First of all, the timing of the “discovery” of this previously unpublished manuscript, and its presentation as a novel that Harper Lee “always wanted published,” seems highly questionable to me.  I find it difficult to believe that Harper Lee, one of the best-selling and widely-adored novelists of the 20th century, could not have had anything she wished published at any moment in her long life.  If she wanted this book out, it would have been out years ago, even decades ago.  The timing of its release, following the death of Harper Lee’s sister, a staunch defender of Lee’s legacy and work, smacks to me of a manipulative money-grab by people around the 89-year-old author, and it is unconscionable, in my opinion, because it is at the expense of nothing less than her legacy.  

Which brings us to the second point: the content of the book.  The story takes place 20 years after the events of the original, and purports to describe how, later in life, the virtuous hero of To Kill a Mockingbird, Atticus Finch, eventually conforms to the petty, racist narrow-mindedness of the world around him.  This, however, in my opinion, is something that Harper Lee would have never wanted.  My evidence of this?  If you read the original To Kill a Mockingbird carefully, you will see that it is not written from the viewpoint of the child “Scout,” as many people think.  The book is actually written from the viewpoint of the adult Scout, looking back on her childhood.  The key here is that she not only holds her father Atticus Finch up as a character of heroic virtue, kindness and strength from the perspective of a wide-eyed child, but that her love and respect for him remains unabated into her adult years.  This was no accident.  It tells me that Harper Lee wanted to secure the notion that the virtue and character of Atticus Finch never changed, never faltered, even later in life, as this “new” book seems to suggest that it did.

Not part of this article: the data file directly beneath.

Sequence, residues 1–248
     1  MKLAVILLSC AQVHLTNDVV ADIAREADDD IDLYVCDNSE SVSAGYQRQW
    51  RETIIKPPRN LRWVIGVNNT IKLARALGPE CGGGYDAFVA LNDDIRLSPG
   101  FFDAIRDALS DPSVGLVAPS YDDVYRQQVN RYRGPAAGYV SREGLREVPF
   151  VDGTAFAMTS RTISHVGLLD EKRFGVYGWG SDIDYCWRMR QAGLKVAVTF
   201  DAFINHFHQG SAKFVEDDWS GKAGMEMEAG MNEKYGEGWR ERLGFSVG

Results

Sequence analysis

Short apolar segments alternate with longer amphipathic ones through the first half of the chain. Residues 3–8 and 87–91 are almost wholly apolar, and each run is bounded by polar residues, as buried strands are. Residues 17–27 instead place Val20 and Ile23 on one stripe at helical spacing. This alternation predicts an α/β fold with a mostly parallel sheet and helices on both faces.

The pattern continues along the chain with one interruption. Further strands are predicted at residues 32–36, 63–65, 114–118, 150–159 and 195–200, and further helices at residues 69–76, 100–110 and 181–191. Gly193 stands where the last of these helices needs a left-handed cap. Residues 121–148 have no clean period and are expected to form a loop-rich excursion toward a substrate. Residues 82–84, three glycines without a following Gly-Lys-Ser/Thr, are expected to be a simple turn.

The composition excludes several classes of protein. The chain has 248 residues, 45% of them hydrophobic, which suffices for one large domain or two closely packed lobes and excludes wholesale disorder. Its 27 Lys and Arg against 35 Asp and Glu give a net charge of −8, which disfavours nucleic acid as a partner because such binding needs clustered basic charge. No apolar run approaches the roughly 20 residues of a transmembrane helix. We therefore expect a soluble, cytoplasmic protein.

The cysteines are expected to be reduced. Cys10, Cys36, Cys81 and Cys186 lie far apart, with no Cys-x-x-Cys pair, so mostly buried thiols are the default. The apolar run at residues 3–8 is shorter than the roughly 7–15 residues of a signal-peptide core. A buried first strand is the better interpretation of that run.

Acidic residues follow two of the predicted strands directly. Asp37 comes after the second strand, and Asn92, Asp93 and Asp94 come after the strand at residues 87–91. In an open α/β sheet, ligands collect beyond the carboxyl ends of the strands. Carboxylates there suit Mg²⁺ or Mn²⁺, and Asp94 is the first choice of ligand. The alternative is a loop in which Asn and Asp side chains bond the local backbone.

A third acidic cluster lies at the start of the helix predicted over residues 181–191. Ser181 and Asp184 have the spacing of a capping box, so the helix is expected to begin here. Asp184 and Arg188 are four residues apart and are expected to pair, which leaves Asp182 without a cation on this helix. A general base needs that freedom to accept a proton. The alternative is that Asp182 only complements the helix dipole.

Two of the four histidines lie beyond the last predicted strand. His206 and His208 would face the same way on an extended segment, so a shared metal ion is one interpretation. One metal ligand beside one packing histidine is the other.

We readers, however — we lovers of literature, we champions of culture — can help preserve the legacy of a great writer and an amazing book by merely choosing to relegate this “sequel” to the status of the false work that it is, and by choosing to retain the original masterpiece To Kill a Mockingbird as the final word on the world created by Harper Lee.  Because, while it is a sin to kill a mockingbird, it is far worse, in my opinion, to attempt to kill the very heart and virtue of the defender of mockingbirds, Atticus Finch.

There are two things, then, that we can learn from this situation.  First, if you are a writer and you have work that you do not wish to be published, destroy it.  Don’t imagine that it will be looked upon in the proper light and/or reasonably presented at some future time.  You cannot count on this happening.  And second, we must cherish our classics in literature.  We must appreciate, preserve and celebrate wonderful books such as To Kill a Mockingbird, The Old Man and the Sea, The Fountainhead… any work that presents virtue as a truly heroic, yet humanly attainable character trait.  Books such as these represent the height of what literature is capable of doing, presenting us with higher versions of humanity to which we can aspire, and giving us a blueprint from which we can forge the mettle of our own character and become better versions of ourselves.

Long live Atticus Finch.

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The Sea, Half-Held by the Night

"The Sea, Half-Held by the Night"  |  Anthony Satori

“The Sea, Half-Held by the Night”  |  Anthony Satori

“I am he that walks with the tender and growing night, I call to the earth and sea, half-held by the night… You, sea!  I resign myself to you… Sea of stretch’d ground swells, Sea breathing broad and convulsive breaths, Sea of the brine of life… Howler and scooper of storms… I am integral with you, I too am of one phase and of all phases.”

— Walt Whitman

The Dreaming Itself

"The Dreaming Itself"  |  Anthony Satori

“The Dreaming Itself”  |  Anthony Satori

“I immediately fell into a blank thoughtless trance wherein it was again revealed to me ‘This thinking has stopped’ and I sighed because I didn’t have to think anymore and felt my whole body sink into a blessedness surely to be believed, completely relaxed and at peace with all the ephemeral world of dream and dreamer and the dreaming itself.”

— Jack Kerouac